Eryngium foetidum leaves, with a US ruler for scale
Scientific classification Edit this classification
Kingdom: Plantae
Clade: Tracheophytes
Clade: Angiosperms
Clade: Eudicots
Clade: Asterids
Order: Apiales
Family: Apiaceae
Genus: Eryngium
E. foetidum
Binomial name
Eryngium foetidum
  • Eryngium antihystericum Rottler

Eryngium foetidum is a tropical perennial herb in the family Apiaceae. Common names include culantro (Panama) (/kˈlɑːntr/ or /kˈlæntr/), cimarrón, recao (Puerto Rico), chardon béni (France), Mexican coriander, bandhaniya, long coriander, Burmese coriander, sawtooth coriander, and ngò gai (Vietnam).[2][3] It is native to Mexico, the Caribbean, and Central and South America, but is cultivated worldwide, mostly in the tropics as a perennial, but sometimes in temperate climates as an annual.

In the United States, the common name culantro sometimes causes confusion with cilantro, a common name for the leaves of Coriandrum sativum (also in Apiaceae but in a different genus), of which culantro is said to taste like a stronger version.[4]


Eryngium foetidum plant with leaves and young inflorescence


Eryngium foetidum is widely used in seasoning, marinating and garnishing in the Caribbean (particularly in Cuba, the Dominican Republic, Haiti, Puerto Rico, and Trinidad and Tobago), as well as El Salvador, Honduras, Nicaragua, Panama, Costa Rica, Guyana, Suriname, Ecuador, Colombia and in Brazil's and Peru's Amazon regions. It is also used extensively as a culinary herb in the North-Eastern States of India, (Tripura, Mizoram, Meghalaya, Assam, Nagaland, Manipur, Arunachal Pradesh and Sikkim), Cambodia, Thailand, India, Nepal, Vietnam, Laos, Myanmar, southwestern China and other parts of tropical Asia.[5] It is sometimes used as a substitute for coriander leaves, but has a stronger taste. Unlike coriander, Eryngium foetidum dries well, retaining good color and flavor, which makes it valuable in the dried herb industry.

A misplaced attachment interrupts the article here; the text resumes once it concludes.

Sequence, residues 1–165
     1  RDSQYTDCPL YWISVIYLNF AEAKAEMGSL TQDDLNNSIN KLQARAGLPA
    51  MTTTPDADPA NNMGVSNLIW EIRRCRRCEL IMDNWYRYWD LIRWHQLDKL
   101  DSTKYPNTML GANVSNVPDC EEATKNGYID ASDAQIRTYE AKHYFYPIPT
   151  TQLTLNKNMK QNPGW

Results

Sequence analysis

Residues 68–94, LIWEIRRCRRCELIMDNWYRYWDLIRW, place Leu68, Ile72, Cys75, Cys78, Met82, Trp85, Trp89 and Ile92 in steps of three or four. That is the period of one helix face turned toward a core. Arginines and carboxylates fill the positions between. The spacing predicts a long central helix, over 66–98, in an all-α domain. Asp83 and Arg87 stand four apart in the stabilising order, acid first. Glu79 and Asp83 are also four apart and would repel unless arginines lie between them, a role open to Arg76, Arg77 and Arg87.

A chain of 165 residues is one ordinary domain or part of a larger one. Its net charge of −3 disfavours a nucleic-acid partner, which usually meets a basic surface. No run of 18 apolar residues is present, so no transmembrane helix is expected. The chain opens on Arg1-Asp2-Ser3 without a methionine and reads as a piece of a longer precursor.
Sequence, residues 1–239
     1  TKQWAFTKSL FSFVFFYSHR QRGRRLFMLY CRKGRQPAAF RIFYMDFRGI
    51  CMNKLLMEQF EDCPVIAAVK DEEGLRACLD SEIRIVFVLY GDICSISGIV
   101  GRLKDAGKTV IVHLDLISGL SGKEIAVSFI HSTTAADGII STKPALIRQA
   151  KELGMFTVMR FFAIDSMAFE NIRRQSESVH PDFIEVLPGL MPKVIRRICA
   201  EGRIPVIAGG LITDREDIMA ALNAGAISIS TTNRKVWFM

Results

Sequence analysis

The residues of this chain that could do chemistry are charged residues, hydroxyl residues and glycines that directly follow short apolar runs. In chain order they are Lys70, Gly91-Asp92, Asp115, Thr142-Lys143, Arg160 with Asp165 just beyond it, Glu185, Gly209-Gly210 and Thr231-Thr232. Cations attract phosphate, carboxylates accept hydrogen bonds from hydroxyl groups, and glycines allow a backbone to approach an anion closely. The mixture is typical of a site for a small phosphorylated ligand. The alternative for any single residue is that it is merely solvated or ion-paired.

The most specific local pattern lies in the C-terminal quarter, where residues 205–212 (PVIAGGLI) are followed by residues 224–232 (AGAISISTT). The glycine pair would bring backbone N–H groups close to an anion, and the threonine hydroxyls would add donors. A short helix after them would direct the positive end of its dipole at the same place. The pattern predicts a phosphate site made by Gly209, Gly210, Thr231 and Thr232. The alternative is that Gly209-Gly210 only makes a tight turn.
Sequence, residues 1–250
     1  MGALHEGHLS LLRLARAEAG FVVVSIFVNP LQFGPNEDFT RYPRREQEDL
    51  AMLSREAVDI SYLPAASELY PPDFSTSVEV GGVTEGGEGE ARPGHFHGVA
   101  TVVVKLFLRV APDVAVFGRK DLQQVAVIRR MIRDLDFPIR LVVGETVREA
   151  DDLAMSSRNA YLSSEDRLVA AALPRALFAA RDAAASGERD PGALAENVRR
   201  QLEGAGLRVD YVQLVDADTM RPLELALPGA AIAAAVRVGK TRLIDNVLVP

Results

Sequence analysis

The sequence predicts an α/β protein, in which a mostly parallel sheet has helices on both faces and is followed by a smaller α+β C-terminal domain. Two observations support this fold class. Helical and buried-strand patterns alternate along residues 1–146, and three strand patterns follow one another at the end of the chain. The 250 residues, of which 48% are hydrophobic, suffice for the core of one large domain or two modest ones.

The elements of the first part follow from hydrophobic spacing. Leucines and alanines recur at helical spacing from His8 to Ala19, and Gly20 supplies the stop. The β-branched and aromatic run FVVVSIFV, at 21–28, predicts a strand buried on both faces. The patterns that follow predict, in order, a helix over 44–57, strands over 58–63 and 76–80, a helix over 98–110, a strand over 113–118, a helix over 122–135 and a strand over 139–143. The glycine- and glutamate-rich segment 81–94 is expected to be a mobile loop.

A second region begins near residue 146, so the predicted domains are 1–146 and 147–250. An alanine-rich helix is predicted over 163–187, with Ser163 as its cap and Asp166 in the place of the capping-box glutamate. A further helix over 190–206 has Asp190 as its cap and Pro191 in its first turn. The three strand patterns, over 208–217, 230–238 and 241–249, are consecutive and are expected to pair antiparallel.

In the United States, E. foetidum grows naturally in Florida, Georgia, Hawaii, Puerto Rico, and the Virgin Islands.[6]

Traditional medicine

This section needs more reliable medical references for verification or relies too heavily on primary sources. Please review the contents of the section and add the appropriate references if you can. Unsourced or poorly sourced material may be challenged and removed. Find sources: "Eryngium foetidum" – news · newspapers · books · scholar · JSTOR (August 2014)

Eryngium foetidum has been used in traditional medicine in tropical regions for burns, earache, fevers, hypertension, constipation, fits, asthma, stomachache, worms, infertility complications, snake bites, diarrhea, and malaria.[7]

Eryngium foetidum is also known as E. anti­hysteri­cum.[8] The specific name anti­hysteri­cum reflects the fact that this plant has traditionally been used for epilepsy.[9] The plant is said to calm a person's 'spirit' and thus prevents epileptic 'fits', so is known by the common names spiritweed and fitweed. The anticonvulsant properties of this plant have been scientifically investigated.[10] A decoction of the leaves has been shown to exhibit anti-inflammatory and analgesic effects in rats.[11]